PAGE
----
Videoconferencing Poised to Explode – Again?
This summer's flurry of activity in the videoconferencing space has at least one analyst predicting the rise of small-business interest in the video communication. The greater availability and lower prices for telepresence and the proliferation of video-capable devices, may bring videoconferencing closer to being ubiquitous.
At the high end of the market, telepresence continues to percolate, and mobile video is expected to take hold, leading to yet another prediction that videoconferencing is about to explode.
But since such an outcome has been so often inaccurately forecast in the past, even Robert Poe, principal analyst with VoIP Evolution and the man predicting video will spike among small and medium-sized businesses (SMB), is hedging his bets. In discussing his report, "SMB Video Conferencing: Getting Beyond Clouds & Interoperability," Poe admits that while "all the signs are there for videoconferencing to take off, you can't say anything for certain."
Those signs include a cascade of announcements from companies such as 8x8 Inc. (Nasdaq: EGHT), Blue Jeans Network , BroadSoft Inc. , LifeSize Communications Inc. , Polycom Inc. (Nasdaq: PLCM), Telesphere , Vidtel Inc. , Vidyo Inc. and others. (See Telesphere Launches Cloud Videoconferencing andPolycom to Buy HP's Halo.)
"Companies like Blue Jeans are getting a lot of beta customers," says Poe of the cloud-based video networking service. Meanwhile, companies such as BroadSoft, which offers hosted VoIP, are adding hosted video, and hardware players are driving down the cost of their systems and adding cloud options.
The SMB interest in videoconferencing is being stimulated by video services at the high end -- telepresence -- and the low end -- Skype. SMBs want the quality of a telepresence connection without the cost of building immersive telepresence rooms, Poe comments, and they like the ubiquity of Skype but want something more professional.
The problem for the videoconferencing companies will be convincing small businesses to actually pay for that higher level of service, he admits. It's hard to beat free.
Then there are specific applications driving interest as well. Vidyo recently announced deployment of its gear by the Ontario Telemedicine Network, which links hundreds of hospitals and clinics across the province.
The appeal of a company such as Vidyo is that its adaptive video technology uses whatever bandwidth is available, says Andrew W. Davis, senior partner with Wainhouse Research . That means SMBs or distributed enterprises can use the Internet to link video clients to a centralized server, because (See Vidyo Aims to Lower Price of Telepresence.)
Separately, a Heavy Reading report issued this summer noted the entertainment industry's growing use of telepresence to improve collaboration and increase productivity. (See Telepresence Takes the Show on the Road.)
Telepresence growing steadily
At the high end of the market, telepresence could be boosted by the availability of cloud-based services or less expensive gear. Corporations that are buying large telepresence rooms to connect their remote locations are figuring out ways to expand their reach.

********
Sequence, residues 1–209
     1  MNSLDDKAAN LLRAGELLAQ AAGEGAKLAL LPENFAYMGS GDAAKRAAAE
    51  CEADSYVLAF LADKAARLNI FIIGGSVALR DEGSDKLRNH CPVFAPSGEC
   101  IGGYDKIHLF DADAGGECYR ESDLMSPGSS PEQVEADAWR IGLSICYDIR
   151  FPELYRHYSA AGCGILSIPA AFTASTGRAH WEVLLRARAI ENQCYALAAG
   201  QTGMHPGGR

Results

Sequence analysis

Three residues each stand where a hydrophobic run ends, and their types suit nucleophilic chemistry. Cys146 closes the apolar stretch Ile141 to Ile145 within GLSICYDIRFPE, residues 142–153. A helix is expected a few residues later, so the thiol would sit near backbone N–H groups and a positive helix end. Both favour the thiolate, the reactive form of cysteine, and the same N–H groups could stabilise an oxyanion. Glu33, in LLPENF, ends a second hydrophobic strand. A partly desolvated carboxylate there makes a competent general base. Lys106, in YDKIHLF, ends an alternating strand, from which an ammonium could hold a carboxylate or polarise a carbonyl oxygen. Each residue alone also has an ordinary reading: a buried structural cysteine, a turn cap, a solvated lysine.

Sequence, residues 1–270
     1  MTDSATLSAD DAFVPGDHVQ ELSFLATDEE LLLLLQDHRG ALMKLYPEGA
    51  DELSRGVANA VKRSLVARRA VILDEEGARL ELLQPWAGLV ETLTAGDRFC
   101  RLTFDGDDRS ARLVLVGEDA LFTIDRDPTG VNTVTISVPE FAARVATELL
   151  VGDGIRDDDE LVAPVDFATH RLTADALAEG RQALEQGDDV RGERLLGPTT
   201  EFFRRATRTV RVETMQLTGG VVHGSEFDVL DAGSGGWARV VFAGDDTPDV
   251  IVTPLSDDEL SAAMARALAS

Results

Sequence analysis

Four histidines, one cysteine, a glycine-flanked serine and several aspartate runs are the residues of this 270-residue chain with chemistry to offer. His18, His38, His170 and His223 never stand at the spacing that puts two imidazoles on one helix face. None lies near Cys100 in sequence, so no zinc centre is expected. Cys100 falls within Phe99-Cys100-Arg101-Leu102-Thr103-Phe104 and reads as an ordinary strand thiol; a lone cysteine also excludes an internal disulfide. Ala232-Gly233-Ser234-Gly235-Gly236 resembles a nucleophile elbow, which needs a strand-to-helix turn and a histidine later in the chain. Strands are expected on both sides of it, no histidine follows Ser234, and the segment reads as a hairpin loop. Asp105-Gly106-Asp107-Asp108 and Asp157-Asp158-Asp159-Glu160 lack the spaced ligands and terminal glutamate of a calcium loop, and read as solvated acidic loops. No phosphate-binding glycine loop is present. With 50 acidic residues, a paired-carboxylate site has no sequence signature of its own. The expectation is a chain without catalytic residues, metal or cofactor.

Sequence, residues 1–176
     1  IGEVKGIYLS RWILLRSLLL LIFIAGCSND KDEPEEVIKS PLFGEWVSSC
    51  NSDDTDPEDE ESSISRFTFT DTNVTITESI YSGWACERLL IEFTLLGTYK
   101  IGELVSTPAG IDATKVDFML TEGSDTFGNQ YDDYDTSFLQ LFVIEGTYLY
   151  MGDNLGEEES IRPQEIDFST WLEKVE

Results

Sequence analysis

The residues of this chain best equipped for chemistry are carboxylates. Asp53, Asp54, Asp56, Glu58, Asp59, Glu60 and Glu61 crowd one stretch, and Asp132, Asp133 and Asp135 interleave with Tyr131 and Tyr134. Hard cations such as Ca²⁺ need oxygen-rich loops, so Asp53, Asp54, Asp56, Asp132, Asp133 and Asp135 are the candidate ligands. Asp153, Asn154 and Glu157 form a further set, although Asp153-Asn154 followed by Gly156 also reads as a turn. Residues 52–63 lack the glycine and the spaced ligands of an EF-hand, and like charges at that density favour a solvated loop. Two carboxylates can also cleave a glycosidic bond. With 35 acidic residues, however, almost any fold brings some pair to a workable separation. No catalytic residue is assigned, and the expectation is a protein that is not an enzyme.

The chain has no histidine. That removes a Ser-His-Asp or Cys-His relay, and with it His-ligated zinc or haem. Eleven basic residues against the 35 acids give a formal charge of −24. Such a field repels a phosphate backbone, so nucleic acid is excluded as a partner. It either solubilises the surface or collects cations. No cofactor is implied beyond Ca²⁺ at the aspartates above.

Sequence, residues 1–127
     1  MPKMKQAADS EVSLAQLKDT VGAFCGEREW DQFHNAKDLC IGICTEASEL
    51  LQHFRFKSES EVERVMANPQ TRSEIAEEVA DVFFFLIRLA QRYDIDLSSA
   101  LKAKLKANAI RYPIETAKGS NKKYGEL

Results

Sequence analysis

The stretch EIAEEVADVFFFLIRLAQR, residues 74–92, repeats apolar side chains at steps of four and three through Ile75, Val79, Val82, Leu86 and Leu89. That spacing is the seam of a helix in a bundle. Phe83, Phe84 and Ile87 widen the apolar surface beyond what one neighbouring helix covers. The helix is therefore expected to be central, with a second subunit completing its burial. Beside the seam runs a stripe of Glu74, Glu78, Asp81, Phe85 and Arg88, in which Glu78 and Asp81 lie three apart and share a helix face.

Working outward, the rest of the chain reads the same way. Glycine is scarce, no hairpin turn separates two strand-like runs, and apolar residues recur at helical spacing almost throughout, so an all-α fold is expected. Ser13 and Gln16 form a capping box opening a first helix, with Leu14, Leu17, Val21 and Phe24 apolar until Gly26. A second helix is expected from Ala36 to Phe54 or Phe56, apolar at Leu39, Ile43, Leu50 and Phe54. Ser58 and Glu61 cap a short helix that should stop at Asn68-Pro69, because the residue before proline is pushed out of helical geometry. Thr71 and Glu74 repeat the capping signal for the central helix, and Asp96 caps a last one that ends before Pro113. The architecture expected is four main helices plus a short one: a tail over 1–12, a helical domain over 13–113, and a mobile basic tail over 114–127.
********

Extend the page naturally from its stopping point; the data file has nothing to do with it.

Stewart Weaver, program director of technical operations at InterContinental Hotels Group (IHG), says his firm easily justified the cost of AT&T Inc. (NYSE: T) telepresence rooms in Atlanta and London, to link its U.S. and global headquarters, by the reduction in executive flights. Then, IHG used AT&T's video exchange and telepresence rooms operated by its vendor, Cisco Systems Inc. (Nasdaq: CSCO), to hold more telepresence meetings, particularly in places such as Asia, to eliminate that long-distance travel.
Now, IHG is planning to offer telepresence to its hotel guests and looking at mobile options to enable connections to tablet computers and more, Weaver says. None of that was possible with teleconferencing in the past, because the quality of the picture and the delays inherent to the audio made normal conversations impossible.
"Now, we can do executive interviews, and we've started doing training," Weaver says. "We are hoping [more widespread connections] become real to us in the next nine to 12 months."
With more video-enabled devices in the hands of end-users, video becomes more of an application than a service, says analyst Davis.
"I think we're entering an age, with tablets, iPads, cellphones, PCs -- where video is being enabled on a variety of devices and a variety of apps. It's not going to be viewed as a separate service, but as something you add with the push of a button," he says.
Service providers will have a play in providing a service, cloud-based or otherwise, if they take the complexity out of connecting a lot of different endpoints, Davis adds.
Tata Communications Ltd. is betting heavily on telepresence but is also expecting mobile video to become part of that play, says Dave Ryan, Tata's senior vice president for the Americas. (See Tata Touts Next-Gen Strategy.)
Ryan concedes that telepresence hasn't taken off as fast as once thought but is expecting that to change shortly as large corporations use it to connect not just internally but with external sources -- customers and suppliers -- and as mobile devices become endpoints for video services.
"We are not offering it today, but it is the next phase of the B2B adoption," he says. "How we integrate the one-person endpoint as opposed to the multiperson-room endpoint, that is where we are spending a lot of time and energy on our development and strategy planning."
— Carol Wilson, Chief Editor, Events, Light Reading